Comparing market shares by operating system is but one way to think of the smartphone market. Since there are a large number of Android vendors, it's no surprise that Android "wins." But if one, instead, ranks by *vendor*, how do Apple, Microsoft, Samsung, etc., fare?
Other vendors are catching up to the leading companies, and Samsung has ever been losing share value since their design changes, which have stayed the same since 2012. Most people buy samsung because there are more samsung service centres than there are hardware stores, but this ritual is changing because other vendors promise even better things.
I personally like chinese brands and even Motorola, which gives a core android experience.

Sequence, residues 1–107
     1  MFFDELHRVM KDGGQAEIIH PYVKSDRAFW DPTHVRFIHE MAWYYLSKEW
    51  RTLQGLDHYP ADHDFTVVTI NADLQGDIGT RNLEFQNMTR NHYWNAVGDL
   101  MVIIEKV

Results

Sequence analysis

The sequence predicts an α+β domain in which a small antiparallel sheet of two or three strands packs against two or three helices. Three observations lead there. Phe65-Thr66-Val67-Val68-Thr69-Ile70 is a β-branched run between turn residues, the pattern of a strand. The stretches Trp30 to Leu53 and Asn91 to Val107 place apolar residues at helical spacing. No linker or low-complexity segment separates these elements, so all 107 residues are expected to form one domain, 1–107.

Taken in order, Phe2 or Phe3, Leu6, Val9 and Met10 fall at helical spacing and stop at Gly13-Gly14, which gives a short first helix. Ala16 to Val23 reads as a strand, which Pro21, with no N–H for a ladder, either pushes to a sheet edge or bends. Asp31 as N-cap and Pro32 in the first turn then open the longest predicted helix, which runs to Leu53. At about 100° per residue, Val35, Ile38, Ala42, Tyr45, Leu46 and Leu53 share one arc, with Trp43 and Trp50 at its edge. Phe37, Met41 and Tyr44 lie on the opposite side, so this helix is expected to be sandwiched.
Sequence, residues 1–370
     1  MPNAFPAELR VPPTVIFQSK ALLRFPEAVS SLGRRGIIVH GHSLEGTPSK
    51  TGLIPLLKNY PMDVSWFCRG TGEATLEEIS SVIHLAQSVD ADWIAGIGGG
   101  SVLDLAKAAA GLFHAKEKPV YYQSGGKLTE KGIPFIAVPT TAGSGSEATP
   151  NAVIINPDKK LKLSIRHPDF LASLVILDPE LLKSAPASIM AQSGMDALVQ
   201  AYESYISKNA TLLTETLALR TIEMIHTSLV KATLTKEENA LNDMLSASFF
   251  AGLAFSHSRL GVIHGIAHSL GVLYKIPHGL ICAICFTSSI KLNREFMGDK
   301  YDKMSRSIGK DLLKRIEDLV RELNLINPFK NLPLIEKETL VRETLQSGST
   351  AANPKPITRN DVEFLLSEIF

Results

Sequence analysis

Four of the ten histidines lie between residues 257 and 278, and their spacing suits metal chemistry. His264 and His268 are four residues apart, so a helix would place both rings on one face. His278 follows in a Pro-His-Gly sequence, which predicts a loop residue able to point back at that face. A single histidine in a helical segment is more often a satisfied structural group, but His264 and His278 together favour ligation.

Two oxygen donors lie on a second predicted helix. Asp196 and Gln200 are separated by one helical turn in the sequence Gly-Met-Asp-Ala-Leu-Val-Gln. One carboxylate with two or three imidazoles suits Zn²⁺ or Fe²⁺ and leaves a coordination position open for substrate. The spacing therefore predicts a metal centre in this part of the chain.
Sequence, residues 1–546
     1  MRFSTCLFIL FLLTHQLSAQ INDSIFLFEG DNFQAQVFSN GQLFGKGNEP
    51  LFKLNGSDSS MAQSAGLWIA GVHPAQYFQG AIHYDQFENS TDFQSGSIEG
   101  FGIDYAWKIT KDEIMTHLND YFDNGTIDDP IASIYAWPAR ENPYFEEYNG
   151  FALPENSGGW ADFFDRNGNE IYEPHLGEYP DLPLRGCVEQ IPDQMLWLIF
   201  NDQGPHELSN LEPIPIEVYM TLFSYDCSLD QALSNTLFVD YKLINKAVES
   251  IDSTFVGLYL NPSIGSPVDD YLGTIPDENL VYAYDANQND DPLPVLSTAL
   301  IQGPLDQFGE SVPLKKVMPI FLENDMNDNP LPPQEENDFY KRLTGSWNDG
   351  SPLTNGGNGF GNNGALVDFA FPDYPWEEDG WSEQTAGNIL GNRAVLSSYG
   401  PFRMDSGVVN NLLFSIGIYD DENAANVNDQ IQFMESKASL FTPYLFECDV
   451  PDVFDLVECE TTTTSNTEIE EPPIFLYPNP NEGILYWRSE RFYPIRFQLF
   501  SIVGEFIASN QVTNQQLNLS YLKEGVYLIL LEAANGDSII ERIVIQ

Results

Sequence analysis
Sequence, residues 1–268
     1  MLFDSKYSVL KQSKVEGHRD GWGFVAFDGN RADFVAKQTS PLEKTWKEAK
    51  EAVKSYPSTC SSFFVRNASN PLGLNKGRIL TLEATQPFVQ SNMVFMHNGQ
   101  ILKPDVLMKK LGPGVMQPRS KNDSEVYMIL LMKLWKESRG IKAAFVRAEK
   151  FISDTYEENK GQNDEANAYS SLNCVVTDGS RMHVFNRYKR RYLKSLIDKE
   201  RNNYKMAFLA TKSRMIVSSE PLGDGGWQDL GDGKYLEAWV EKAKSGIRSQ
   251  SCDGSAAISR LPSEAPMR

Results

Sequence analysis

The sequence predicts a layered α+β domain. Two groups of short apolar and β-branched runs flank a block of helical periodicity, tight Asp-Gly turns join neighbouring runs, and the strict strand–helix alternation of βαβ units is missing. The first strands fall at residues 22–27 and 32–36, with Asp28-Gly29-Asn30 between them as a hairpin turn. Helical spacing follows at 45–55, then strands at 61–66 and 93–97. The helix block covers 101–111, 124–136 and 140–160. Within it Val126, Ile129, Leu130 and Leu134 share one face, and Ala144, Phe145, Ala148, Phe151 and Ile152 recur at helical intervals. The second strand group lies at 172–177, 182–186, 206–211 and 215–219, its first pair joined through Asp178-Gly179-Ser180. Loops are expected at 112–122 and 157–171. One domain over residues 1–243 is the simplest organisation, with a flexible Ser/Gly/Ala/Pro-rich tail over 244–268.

In the light of so many vendors coming up with different interfaces of mobile computing, android is bound to lead the market, simply because of its scalability. iOS is popular but not market specific, i.e. iOS phones are not targetted towards the people who can do okay with a mid ranged phone. Also, Windows Phone is wobbly, and too cpmplicated (but probably the best among the three) to use. Windows Phone must generate enough interest in developer society and market, because it probably can change and give android a run for its money.
What are the engineering and design challenges in creating successful IoT devices? These devices are usually small, resource-constrained electronics designed to sense, collect, send, and/or interpret data. Some of the devices need to be smart enough to act upon data in real time, 24/7. Are the design challenges the same as with embedded systems, but with a little developer- and IT-skills added in? What do engineers need to know? Rick Merritt talks with two experts about the tools and best options for designing IoT devices in 2016. Specifically the guests will discuss sensors, security, and lessons from IoT deployments.